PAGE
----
...from the HR Perspective
Human Resource Update

June 2020 

Our firm's motto is:
The human resource is the most critical, most expensive, and the most fragile resource of modern business.
Good ergonomic policy strives to preserve an organization's investment in this most valuable resource - people. Ergonomics is the application of both physiological and, yes, psychological principles to the design of devices, products, and processes.
Ergonomics is not a new science, but a developing one. It started with the prevention of workplace accidents. Going back to the mid 1800's when industrialization started to get a hold, there was an apparent disregard for workplace safety. While an industrial worker would most likely not get hurt if the worker did everything right, if there was a small mistake or if the machine malfunctioned, severe injury or loss of life could result. Railroad workers also had their problems with little signaling, no procedures for between car coupling and uncoupling and riding on top of cars to set brakes. Sometimes sketchy equipment, roadbed and bridge construction contributed to accidents. Interestingly, not much is known about office workplace incidents in the 1800's and even into the mid 1900's.
Today's workplace has changed dramatically in three ways: 1) companies look for ways to prevent industrial accidents and injuries, 2) the United States has changed from a manufacturing culture to a service culture, and 3) we have a government department to develop and police practices and policies to protect worker safety: the Occupational Safety and Health Administration (OSHA). The result of these changes is that there are far fewer workplace injuries than there were in the past.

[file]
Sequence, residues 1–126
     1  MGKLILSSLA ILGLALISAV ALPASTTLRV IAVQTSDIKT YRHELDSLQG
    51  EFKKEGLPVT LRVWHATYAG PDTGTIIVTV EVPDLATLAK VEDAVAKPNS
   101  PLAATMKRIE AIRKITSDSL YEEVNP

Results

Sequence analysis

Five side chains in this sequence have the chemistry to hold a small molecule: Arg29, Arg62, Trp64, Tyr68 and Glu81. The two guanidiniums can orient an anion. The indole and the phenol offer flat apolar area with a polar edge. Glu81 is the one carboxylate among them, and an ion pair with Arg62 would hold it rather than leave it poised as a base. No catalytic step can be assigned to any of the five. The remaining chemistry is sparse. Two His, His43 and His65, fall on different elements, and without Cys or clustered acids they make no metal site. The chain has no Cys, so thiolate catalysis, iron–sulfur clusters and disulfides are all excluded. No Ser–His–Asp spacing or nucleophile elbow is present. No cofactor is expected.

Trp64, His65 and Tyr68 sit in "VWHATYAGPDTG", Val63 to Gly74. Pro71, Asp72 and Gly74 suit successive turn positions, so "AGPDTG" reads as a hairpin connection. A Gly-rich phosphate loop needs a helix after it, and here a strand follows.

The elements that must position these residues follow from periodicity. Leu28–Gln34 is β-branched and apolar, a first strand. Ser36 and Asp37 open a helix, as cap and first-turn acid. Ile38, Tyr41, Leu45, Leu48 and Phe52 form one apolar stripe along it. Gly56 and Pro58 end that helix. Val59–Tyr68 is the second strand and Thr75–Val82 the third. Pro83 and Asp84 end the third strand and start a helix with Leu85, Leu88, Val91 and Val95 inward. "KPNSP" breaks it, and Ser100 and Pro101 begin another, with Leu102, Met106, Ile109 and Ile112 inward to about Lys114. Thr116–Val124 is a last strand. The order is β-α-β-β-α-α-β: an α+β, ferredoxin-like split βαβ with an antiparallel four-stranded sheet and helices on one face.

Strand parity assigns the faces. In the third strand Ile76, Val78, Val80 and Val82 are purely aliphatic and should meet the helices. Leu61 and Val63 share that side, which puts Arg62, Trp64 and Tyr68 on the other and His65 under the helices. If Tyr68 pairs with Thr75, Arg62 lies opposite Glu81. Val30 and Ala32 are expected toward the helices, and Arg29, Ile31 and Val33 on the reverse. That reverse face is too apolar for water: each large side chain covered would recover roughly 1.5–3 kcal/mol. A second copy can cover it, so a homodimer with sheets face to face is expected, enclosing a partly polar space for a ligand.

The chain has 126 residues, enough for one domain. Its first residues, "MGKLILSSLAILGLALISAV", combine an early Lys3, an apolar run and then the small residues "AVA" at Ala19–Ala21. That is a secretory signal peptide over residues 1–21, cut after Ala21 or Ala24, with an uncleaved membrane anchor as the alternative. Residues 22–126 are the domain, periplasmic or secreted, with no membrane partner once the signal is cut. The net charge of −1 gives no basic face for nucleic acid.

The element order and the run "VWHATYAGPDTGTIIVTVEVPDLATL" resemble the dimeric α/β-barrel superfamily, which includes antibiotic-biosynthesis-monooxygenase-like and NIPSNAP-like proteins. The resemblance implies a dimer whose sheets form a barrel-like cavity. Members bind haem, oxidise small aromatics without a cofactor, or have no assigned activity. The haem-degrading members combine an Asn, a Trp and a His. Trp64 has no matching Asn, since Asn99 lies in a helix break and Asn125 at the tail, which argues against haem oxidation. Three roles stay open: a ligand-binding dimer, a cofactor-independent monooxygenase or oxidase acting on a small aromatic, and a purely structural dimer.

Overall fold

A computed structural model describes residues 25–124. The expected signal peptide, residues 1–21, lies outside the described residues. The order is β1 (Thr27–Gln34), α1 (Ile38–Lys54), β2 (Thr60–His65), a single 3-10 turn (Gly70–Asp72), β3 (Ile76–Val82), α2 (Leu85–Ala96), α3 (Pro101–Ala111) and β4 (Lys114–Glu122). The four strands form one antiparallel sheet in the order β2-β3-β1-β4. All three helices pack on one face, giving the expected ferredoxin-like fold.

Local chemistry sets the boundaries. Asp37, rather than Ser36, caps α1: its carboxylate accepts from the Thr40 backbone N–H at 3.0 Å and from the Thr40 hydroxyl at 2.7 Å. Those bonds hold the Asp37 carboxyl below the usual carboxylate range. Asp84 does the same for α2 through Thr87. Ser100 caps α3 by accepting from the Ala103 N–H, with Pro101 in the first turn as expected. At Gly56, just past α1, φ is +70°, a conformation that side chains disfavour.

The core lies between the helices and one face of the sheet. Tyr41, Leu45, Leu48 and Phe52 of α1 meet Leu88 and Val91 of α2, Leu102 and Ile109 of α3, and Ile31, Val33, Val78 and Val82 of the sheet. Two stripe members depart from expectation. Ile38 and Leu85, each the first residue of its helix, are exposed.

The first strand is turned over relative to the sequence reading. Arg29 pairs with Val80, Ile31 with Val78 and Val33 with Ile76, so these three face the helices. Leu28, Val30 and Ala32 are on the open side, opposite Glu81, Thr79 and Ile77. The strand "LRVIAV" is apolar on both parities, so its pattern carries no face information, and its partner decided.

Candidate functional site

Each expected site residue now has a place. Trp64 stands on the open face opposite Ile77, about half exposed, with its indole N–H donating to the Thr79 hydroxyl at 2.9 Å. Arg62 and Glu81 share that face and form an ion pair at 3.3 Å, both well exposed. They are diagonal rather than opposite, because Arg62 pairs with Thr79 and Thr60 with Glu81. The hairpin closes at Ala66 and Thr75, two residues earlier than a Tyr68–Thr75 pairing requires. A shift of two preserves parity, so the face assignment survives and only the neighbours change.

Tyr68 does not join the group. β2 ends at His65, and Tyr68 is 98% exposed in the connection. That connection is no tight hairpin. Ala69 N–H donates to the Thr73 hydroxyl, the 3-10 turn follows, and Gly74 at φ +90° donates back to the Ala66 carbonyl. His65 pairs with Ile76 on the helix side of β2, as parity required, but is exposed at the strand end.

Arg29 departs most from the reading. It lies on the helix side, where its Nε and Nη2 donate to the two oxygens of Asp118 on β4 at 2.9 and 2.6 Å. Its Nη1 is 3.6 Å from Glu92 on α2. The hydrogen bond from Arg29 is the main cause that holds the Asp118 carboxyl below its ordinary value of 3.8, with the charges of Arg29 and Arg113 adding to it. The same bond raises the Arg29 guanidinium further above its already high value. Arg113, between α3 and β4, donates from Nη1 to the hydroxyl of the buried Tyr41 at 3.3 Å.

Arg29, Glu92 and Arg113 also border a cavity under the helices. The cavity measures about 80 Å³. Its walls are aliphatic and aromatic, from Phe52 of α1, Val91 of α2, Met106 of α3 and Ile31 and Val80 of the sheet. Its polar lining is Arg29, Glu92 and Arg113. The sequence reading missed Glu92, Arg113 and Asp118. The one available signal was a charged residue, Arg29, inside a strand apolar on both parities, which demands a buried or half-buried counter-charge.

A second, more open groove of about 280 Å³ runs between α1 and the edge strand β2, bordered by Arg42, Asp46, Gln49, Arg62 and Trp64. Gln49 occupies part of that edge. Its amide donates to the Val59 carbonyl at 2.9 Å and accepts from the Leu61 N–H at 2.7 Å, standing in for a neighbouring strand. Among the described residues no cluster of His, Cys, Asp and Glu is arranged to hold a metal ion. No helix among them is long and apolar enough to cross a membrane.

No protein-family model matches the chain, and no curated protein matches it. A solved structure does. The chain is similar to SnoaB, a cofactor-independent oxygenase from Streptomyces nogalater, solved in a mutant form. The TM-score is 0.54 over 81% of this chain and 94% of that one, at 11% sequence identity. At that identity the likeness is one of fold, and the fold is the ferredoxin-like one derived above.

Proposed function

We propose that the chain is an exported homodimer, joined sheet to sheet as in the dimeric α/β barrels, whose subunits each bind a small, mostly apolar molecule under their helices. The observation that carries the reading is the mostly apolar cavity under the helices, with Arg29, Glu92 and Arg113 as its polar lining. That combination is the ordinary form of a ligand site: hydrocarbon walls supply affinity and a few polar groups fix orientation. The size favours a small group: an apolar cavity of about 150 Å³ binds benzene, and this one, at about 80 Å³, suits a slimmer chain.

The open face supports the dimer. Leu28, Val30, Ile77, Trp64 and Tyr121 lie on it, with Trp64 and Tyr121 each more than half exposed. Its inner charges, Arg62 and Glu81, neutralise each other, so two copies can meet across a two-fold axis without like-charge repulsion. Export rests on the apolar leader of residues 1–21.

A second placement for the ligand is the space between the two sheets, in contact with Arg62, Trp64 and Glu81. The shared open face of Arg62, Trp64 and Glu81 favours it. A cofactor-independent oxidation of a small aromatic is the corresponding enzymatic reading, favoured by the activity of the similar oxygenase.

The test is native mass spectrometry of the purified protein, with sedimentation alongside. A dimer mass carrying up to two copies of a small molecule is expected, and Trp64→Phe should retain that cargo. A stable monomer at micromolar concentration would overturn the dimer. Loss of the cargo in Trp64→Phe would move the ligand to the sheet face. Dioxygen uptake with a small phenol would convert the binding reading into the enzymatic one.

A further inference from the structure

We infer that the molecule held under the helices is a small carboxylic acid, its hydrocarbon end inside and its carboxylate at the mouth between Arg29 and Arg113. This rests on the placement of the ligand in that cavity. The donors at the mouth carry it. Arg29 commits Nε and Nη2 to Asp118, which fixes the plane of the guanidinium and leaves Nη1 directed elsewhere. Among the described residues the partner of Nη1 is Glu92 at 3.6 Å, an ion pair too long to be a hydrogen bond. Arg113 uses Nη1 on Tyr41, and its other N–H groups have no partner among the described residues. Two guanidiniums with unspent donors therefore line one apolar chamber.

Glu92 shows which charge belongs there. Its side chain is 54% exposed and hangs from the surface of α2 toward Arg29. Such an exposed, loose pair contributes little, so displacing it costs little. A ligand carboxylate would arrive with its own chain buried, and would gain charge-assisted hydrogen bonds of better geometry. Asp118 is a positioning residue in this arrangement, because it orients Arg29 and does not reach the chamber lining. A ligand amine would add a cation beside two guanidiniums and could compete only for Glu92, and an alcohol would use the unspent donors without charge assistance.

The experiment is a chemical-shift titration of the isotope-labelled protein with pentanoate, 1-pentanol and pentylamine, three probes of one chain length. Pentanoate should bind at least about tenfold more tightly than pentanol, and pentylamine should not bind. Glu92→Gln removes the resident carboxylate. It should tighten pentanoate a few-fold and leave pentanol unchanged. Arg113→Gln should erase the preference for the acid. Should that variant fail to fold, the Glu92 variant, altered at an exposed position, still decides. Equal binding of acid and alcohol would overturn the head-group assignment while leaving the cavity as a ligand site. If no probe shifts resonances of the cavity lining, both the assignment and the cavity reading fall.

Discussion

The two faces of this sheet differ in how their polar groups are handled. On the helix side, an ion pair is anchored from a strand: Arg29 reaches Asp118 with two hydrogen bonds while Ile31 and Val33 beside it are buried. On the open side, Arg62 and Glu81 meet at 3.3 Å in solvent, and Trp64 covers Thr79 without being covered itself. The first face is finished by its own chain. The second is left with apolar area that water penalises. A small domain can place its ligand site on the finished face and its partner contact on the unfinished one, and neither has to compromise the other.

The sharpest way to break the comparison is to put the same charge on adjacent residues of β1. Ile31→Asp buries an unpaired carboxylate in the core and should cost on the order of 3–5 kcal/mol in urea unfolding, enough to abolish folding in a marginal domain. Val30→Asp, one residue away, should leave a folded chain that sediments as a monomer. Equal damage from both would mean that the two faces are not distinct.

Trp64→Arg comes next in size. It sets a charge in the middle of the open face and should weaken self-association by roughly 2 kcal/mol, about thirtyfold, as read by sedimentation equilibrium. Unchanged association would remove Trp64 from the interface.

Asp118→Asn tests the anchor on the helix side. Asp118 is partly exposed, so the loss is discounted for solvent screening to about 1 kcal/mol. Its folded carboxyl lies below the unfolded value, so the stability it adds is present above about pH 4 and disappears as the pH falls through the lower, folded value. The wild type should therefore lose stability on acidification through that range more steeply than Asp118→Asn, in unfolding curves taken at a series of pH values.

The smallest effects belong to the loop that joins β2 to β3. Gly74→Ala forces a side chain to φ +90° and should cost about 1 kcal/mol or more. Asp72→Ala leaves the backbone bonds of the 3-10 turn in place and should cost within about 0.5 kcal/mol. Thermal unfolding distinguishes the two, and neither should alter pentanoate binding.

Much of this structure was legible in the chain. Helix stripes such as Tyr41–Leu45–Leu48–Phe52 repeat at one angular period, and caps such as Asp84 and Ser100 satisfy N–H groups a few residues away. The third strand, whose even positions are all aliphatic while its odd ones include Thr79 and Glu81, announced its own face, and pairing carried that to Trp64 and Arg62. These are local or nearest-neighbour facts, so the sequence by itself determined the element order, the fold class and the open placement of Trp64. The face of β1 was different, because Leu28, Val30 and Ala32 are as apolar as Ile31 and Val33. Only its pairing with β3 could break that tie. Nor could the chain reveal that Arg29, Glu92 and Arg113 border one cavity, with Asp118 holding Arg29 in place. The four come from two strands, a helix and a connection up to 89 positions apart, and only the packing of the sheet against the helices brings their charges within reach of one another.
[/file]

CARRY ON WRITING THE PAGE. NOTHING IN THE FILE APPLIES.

The COVID-19 situation has made us appreciate a subset of the change from a manufacturing culture to a service culture: the ever-growing dependence on office jobs, whether they be in administration, IT, or management. These are the individuals who can continue to work from home to perform their usual, and sometime additional tasks and responsibilities. Technology has allowed them to continue to work and interact as if nothing has happened. In a prior newsletter, we pondered if this change in the location in which people work would produce permanent change - will it be in an office or at home, or a combination of both such as sharing offices on different days, office "hoteling". Would the need for less office space nudge organizations to reduce their office space and save money? Would the advantages of working at home: no commuting time or expense, less lunch cost, fewer office type clothes, reduced need for child-care, etc. make workers ask to continue to do so?
This has been a long path to why should we be concerned about ergonomics at home. Once COVID-19 is a memory, if an organization either decides that an individual's workplace will be at home, or that an employee can elect to continue to work from home if they wish, does that organization now have an additional responsibility to advise the employee about workplace ergonomics? In either scenario, does the organization have a responsibility to advise the employee about workplace ergonomics and demand that the employee follow such advice? Should the organization require the employee to attest that they are following such advice? While most of us think of OSHA as protecting the industrial worker, it also has advice for office workers. The apparent OSHA policy regarding those who work at home may be found by clicking here. While OSHA will not hold employers liable for home offices, a prior letter to an employer may provide some insight regarding their thinking: https://www.osha.gov/laws-regs/standardinterpretations/1999-11-15